Beta-zone parapapillary atrophy and multifocal visual evoked potentials in eyes with glaucomatous optic neuropathy Academic Article uri icon

Overview

MeSH Major

  • Evoked Potentials, Visual
  • Glaucoma
  • Optic Atrophy
  • Optic Nerve Diseases

abstract

  • We investigated changes in multifocal visual evoked potential (mfVEP) responses due to beta-zone parapapillary atrophy (ßPPA). Patients with glaucomatous optic neuropathy (GON) with or without standard achromatic perimetry (SAP) abnormalities were referred for mfVEP testing during a 2-year period. Eyes with good quality optic disc stereophotographs and reliable SAP results were included. The mfVEP monocular mean latency delays (ms) and amplitudes (SNR) were analyzed. Age, SAP mean deviation (MD), pattern standard deviation (PSD), and spherical equivalent (SE) were analyzed in the multivariate model. Generalized estimated equations were used for comparisons between groups after adjusting for inter-eye associations. Of 394 eyes of 200 patients, 223 (57%) had ßPPA. The ßPPA eyes were older (59.6 ± 13.7 vs. 56.5 ± 13.7 year, P = 0.02), more myopic (-4.0 ± 3.5 vs. -1.3 ± 3.5 D, P < 0.01), and had poorer SAP scores (MD: -4.9 ± 5.2 vs. -2.6 ± 5.2 dB, P < 0.01; PSD: 4.3 ± 2.9 vs. 2.5 ± 3.0 dB, P < 0.01). By univariate analysis, mean latencies were longer in ßPPA eyes (6.1 ± 5.3 vs. 4.0 ± 5.5 ms, P < 0.01). After adjusting for differences in SE, age, and SAP MD, there was no significant difference between the two groups (P = 0.09). ßPPA eyes had lower amplitude log SNR (0.49 ± 0.16 vs. 0.56 ± 0.15, P < 0.01), which lost significance (P = 0.51) after adjusting for MD and PSD. Although eyes with ßPPA had significantly lower amplitudes and prolonged latencies than eyes without ßPPA, these differences were attributable to differences in SAP severity, age, and refractive error. Thus, ßPPA does not appear to be an independent factor affecting mfVEP responses in eyes with GON.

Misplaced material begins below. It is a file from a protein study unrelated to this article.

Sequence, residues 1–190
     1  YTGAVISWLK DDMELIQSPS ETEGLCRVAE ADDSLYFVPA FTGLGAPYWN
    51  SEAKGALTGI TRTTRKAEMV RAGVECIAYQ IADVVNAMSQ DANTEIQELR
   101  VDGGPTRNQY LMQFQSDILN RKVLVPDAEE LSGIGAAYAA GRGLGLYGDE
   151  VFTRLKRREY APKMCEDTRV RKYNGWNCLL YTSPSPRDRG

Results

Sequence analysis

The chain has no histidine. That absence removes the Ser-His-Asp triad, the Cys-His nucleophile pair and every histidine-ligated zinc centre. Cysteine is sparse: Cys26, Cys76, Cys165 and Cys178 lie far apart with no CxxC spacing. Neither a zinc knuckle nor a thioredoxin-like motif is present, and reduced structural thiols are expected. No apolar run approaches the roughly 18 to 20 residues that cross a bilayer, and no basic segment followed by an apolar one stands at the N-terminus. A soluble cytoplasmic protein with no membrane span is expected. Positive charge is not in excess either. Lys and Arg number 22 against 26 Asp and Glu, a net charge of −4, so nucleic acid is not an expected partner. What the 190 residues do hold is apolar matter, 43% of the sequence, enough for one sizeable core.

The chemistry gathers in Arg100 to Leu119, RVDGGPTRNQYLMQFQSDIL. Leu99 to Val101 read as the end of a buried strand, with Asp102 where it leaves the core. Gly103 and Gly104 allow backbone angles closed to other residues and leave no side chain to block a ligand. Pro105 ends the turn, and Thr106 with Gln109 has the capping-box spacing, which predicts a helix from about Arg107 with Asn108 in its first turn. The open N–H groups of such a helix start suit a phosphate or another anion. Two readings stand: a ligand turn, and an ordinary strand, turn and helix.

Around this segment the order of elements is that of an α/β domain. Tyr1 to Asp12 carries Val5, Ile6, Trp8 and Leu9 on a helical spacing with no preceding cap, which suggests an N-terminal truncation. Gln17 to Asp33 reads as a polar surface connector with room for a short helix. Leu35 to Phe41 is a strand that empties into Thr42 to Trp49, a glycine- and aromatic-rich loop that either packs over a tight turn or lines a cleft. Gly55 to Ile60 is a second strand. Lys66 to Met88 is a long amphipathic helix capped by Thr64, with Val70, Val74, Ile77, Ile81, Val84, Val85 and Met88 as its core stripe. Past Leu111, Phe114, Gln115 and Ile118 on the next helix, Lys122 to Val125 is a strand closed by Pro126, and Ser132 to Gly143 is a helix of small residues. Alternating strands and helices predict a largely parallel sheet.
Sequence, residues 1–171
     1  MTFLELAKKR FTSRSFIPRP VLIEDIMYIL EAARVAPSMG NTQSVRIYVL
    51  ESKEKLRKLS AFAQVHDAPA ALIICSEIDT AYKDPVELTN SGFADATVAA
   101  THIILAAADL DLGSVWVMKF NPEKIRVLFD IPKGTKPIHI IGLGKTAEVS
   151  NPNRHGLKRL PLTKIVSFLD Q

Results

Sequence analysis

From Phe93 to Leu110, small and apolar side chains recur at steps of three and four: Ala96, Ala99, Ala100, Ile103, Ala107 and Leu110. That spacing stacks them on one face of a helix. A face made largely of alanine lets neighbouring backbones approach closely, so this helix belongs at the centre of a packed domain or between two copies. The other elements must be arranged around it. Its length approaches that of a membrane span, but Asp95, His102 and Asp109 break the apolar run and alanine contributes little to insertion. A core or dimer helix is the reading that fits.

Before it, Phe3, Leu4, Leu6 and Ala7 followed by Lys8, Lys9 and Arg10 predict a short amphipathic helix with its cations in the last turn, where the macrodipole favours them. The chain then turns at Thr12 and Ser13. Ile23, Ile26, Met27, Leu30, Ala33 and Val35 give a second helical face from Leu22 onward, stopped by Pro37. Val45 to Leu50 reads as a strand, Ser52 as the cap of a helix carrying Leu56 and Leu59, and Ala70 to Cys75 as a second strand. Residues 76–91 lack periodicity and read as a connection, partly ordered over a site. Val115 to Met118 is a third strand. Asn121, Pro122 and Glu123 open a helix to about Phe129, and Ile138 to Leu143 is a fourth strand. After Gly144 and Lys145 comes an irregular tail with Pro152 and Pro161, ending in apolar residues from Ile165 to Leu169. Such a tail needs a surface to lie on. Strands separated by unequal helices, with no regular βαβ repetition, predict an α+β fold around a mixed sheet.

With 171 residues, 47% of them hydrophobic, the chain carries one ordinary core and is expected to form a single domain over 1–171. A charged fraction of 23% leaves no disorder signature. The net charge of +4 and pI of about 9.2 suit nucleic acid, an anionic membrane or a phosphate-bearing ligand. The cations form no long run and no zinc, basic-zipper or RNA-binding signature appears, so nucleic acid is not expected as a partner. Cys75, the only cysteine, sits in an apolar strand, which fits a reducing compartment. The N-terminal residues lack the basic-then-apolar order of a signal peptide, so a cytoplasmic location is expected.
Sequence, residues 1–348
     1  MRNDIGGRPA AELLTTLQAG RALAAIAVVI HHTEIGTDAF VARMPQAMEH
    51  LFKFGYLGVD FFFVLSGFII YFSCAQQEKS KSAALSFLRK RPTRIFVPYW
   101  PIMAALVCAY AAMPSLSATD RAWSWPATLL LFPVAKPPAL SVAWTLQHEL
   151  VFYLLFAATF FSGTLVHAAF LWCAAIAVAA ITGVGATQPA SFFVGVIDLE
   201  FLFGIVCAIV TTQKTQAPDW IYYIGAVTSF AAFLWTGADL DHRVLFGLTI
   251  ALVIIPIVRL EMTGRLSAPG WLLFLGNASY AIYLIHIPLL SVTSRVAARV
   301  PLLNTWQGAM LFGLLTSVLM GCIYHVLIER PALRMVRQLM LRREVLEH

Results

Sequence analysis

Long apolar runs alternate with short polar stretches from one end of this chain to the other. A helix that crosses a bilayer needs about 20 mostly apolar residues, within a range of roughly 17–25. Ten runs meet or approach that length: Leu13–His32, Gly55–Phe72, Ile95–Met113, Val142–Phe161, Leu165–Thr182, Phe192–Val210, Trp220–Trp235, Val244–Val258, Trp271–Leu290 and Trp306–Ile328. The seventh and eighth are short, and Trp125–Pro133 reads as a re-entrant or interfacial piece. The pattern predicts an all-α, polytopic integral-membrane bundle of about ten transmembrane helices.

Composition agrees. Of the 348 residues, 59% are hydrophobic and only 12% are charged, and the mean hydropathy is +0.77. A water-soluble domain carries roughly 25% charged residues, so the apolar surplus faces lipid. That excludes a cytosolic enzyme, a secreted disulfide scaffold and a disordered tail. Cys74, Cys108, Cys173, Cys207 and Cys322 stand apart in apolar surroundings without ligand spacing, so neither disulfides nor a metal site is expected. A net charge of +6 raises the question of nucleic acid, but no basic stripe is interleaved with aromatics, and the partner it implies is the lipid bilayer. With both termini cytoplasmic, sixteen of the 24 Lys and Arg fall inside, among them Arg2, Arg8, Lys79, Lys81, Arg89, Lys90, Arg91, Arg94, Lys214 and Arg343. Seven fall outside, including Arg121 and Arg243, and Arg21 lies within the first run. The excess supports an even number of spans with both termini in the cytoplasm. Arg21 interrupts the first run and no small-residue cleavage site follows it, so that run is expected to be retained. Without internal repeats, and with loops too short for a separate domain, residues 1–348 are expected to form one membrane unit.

publication date

  • August 2011

Research

keywords

  • Academic Article

Identity

Language

  • eng

PubMed Central ID

  • PMC4469993

Digital Object Identifier (DOI)

  • 10.1007/s10633-011-9280-3

PubMed ID

  • 21735265

Additional Document Info

start page

  • 43

end page

  • 50

volume

  • 123

number

  • 1